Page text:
by Kevin Taylor & r & & r & & lt;span class= & quot;dropcap & quot; & W & lt;/span & ith less than two weeks until the election, the television advertisement war between incumbent Congresswoman Cathy McMorris and her Democratic challenger, rancher Peter Goldmark, is becoming more and more hardcore.
A McMorris ad that first aired late last week ends with a surprise hammer blow that Goldmark is either a nutjob or unpatriotic. The ad begins with further assertions that Goldmark is "the tax man" by citing tax increases under Gov. Mike Lowry when Goldmark was Lowry's appointed secretary of agriculture (for five months).
Then the ad takes a head-snapping turn to say the tax man is really the al-Qaeda man. The narrator intones: "Peter Goldmark. He thinks 9/11 was America's fault ..."
The ad is based on an Oct. 6 column written by Joel Connelly of the Seattle P-I, which includes these two sentences: "[Goldmark] has also taken up journalist Bob Woodward's claim that senior Bush administration brass received but ignored warnings of an imminent al-Qaida attack."
But the McMorris attack ad is so vicious, it even prompted a response from Connelly on Oct. 22.
"In no way did Peter Goldmark blame America for 9/11 in the statement I quoted," Connelly writes. "To say that he was blaming America would be stretching the truth to the breaking point."
In his statement, Connelly says Goldmark was citing a moment in the Woodward book where FBI Director George Tenet warns National Security Advisor Condoleeza Rice of the likelihood of an impending al Qaeda attack on U.S. soil.
Goldmark is critical of the government's lack of response to a terrorist threat, not hatching conspiracy theoriess that it was behind the attack, Connelly concludes.
"Call Scary Voiceover Man!"
What's good for the incumbent is good for the challenger, the Democratic Congressional Campaign Committee (or d-trip as it's called in shorthand) has recently decided.
Shaken out of its torpor by incessant frenzy in the blogosphere (where Goldmark has for months been a grassroots darling), the Beltway-based DCCC recently purchased $323,000 of TV ad time in the Spokane market.
The first fruits of this national buy is an ad attacking McMorris for "raiding Social Security." This time, the sputters of outrage are in the other camp, as McMorris's campaign writes, "the notion ... is a myth perpetuated to frighten America's seniors into thinking their long-promised benefits are in jeopardy."
Who Loves Veterans More?
McMorris and Goldmark have gone back and forth aggressively on claims and counterclaims McMorris either voted to increase veterans' benefits or voted to cut them. That's a pretty good trick if it's all in the same year.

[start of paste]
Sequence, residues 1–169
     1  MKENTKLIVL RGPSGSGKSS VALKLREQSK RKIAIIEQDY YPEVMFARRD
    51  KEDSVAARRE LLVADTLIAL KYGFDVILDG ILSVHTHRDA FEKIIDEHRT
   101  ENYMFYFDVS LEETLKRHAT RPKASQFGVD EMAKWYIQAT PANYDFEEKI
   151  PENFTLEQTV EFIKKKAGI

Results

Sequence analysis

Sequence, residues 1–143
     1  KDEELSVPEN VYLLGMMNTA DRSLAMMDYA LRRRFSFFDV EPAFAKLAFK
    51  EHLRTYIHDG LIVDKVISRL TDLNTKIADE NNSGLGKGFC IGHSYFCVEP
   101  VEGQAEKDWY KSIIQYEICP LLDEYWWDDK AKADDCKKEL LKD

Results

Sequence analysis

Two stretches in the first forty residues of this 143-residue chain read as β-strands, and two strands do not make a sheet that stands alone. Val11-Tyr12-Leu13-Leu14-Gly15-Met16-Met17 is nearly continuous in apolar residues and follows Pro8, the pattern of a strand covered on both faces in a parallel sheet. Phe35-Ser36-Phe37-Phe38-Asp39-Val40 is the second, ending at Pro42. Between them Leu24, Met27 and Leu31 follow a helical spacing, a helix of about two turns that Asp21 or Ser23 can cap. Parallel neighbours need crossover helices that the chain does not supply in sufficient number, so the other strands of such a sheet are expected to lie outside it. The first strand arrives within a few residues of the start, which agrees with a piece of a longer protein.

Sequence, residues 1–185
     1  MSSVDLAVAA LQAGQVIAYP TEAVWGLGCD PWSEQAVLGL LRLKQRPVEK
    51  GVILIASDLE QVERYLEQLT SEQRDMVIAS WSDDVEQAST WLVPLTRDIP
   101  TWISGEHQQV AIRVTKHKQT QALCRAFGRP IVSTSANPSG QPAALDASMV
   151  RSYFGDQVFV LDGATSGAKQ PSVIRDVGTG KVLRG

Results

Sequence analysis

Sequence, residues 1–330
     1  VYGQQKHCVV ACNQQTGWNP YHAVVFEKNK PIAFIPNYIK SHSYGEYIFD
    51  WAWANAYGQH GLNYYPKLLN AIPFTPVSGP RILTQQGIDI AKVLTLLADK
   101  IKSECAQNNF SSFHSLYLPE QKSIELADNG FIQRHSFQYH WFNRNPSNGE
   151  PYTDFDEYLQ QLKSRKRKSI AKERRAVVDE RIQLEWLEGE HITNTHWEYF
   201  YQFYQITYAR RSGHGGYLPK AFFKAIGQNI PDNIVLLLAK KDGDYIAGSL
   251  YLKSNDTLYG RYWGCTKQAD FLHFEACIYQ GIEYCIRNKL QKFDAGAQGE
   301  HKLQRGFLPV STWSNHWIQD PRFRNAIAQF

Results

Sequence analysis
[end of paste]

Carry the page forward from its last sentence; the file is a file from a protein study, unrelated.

Truth is, each camp can claim to be factual.
McMorris certainly voted (as did 389 others in Congress) to approve HR 1815, which increased veterans' health funding by $735 million. This increase was funded, however, in large part by fees veterans pay.
McMorris in May voted against amendments that would have A) restored $507 million stripped from the bill by conservatives and B) increased veterans' health care by $1.82 billion. The funding for this would largely have come by reducing tax cuts for people making more than $1 million a year.
The McMorris camp says the amendments were, "... fiscally irresponsible and would have raised taxes on working families and businesses ..."
Where was DCCC before this?
Former Democratic Fifth District Congressional Candidate Tom Keefe is among many in the party irked that the Beltway pundits in the DCCC have failed to support candidates here -- just as other "New Democrats" around the interior West say the national group is almost blind to the emergence of conservative, populist Democrats in red enclaves.
"The DCCC at the last minute walked away from us and a media buy they had promised," Keefe says of his own 2000 run for Congress. "The great whisperers and the great mentioners in D.C. will say this guy or that guy is attractive. My gripe with the DCCC is they are not nimble and flexible enough to see the value in investing ..." in a Goldmark or a Larry Grant in Idaho, Keefe says.
Former Speaker Still Talking
Don Barbieri, who lost to McMorris in the 2004 Congressional race, says he was recently speaking to former Speaker of the House Tom Foley and relates his comments: "Tom was angry at what the current leadership is doing to the reputation of Congress. That isn't a partisan comment, he was saying they have lost focus, that it's become all about self-serving interests and we have to shed ourselves of that."
With Congress's approval rating at 17 percent, there's no way to go but up.